Identity Fragility and Coping Mechanisms of Russian Emigrants
The war taking place in Ukraine since February 2022 has provoked significant changes worldwide, particularly in the Russian anti-war community. Many people left their homes because they disagreed with the invasion of Ukraine, and many were forced to do so because it was not safe for them to stay in Russia. Previous research conducted on refugees and immigrants showed difficulties that they face in navigating their national identity in a host country, but studies have also explored coping mechanisms that are highly dependent on the cultural and historical background . A major life event such as forced migration that compromises positive feelings of social identification and group membership can lead to identity fragility or even disidentification, i.e. distancing oneself from the threatened identity (ethnic background) and perceiving the corresponding identity negatively .
Aim of the Study
The aim of the study is to examine the experience of Russian emigrants in the context of forced migration with a focus on identity negotiation and coping strategies previously identified, including avoidance, problem-solving, and seeking social support. The study is based on recent findings of research conducted with Ukrainian and Syrian refugees, however, it is new in terms of the Russian sample and timely considering the current geopolitical situation.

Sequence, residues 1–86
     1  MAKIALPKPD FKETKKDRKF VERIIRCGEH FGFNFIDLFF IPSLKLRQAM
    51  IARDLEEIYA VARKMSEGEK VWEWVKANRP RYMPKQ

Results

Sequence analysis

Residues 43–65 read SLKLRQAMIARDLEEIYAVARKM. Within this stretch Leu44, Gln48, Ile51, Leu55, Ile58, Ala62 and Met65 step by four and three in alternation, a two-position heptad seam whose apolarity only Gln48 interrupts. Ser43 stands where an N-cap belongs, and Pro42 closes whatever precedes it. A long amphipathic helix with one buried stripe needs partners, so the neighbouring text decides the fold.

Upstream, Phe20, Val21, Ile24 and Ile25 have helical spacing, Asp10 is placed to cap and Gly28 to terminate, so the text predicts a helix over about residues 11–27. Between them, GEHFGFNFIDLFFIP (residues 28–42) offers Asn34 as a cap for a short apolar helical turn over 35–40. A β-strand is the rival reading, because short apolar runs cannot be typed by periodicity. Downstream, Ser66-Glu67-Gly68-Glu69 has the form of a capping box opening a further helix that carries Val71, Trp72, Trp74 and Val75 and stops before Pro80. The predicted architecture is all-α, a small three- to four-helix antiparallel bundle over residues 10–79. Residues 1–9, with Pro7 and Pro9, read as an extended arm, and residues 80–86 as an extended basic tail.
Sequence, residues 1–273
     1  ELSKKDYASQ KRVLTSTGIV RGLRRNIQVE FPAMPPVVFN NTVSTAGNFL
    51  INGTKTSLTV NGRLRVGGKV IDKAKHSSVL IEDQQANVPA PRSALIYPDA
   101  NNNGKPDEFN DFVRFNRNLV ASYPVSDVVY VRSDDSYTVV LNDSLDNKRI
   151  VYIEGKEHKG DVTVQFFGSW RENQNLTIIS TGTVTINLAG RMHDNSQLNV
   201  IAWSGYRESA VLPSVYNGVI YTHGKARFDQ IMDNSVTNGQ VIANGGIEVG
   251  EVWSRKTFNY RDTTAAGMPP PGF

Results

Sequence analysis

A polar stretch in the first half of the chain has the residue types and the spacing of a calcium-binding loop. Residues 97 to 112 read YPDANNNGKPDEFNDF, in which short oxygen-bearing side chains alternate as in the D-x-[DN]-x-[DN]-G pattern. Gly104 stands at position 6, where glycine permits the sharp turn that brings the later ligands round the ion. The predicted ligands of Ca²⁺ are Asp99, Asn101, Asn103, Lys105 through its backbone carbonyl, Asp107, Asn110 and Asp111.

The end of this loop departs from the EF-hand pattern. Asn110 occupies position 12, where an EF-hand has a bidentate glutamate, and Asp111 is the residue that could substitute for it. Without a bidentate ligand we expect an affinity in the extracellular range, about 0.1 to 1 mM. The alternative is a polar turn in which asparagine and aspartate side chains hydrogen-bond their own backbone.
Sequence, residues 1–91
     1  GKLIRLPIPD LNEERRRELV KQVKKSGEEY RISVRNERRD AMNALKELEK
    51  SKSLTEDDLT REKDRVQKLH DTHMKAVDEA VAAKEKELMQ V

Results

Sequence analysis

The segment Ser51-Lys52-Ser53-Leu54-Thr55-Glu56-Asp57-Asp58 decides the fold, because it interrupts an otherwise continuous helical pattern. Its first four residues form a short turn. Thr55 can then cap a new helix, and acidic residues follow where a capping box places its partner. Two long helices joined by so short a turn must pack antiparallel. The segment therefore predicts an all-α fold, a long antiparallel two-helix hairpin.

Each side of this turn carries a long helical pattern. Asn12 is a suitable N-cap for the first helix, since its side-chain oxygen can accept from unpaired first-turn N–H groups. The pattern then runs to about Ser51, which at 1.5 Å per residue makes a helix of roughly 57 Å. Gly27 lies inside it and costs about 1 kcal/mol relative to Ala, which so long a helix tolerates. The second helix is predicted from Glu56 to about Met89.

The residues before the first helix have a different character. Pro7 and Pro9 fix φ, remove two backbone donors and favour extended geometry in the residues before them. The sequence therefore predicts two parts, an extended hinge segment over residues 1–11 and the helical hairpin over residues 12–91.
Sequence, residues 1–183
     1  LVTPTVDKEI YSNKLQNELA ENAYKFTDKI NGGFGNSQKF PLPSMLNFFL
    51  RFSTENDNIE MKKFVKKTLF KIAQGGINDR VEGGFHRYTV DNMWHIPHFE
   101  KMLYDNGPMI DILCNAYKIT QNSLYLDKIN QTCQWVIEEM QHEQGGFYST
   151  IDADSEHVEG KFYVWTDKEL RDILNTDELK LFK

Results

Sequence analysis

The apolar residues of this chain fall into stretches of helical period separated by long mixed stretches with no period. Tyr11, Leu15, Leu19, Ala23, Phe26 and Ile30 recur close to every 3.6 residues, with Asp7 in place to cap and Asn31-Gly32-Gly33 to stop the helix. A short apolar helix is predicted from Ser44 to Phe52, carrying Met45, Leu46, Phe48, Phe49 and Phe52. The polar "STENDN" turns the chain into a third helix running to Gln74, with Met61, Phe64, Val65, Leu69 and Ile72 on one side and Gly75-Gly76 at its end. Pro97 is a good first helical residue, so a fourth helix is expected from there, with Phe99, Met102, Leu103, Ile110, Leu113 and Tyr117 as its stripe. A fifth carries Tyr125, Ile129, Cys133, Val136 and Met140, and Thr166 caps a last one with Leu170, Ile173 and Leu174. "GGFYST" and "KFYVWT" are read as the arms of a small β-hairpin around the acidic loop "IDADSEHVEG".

Semi-structured interviews covering the reasons influencing the decision to move, ethnic and national identification, and resilience strategies were conducted. 7 participants of age 26-66 were interviewed, 4 females and 3 males, residing in 5 different countries. The interviews were audio recorded and transcribed. Data were analyzed using Interpretative phenomenological analysis (IPA) . The IPA is the method of exploring the way how people make sense of their reality, and what is the meaning of particular events and experiences, which allows researchers to explore unique first-person experiences of a situation.
The purpose of the study is twofold. First of all, the findings will help us gain a deeper understanding of the phenomenon of identity negotiation when a positive perception of social identity is threatened. Secondly, the results of the exploratory study will be used for forming a theoretical model that will be tested quantitatively on a bigger sample of Russian emigrants. Together, these findings will uncover sociocognitive identity mechanisms under conditions of forced migration and negative perceptions of national identity.
 L. Oviedo et al., “Coping and resilience strategies among Ukraine War Refugees,” International Journal of Environmental Research and Public Health, vol. 19, no. 20, p. 13094, 2022.
 J. A. Smith, P. Flowers, and M. Larkin, Interpretative Phenomenological Analysis: Theory, Method and Research. Sage, CA: SAGE publications, 2009.
 L. Timotijevic and G. M. Breakwell, “Migration and threat to identity,” Journal of Community & Applied Social Psychology, vol. 10, no. 5, pp. 355–372, 2000.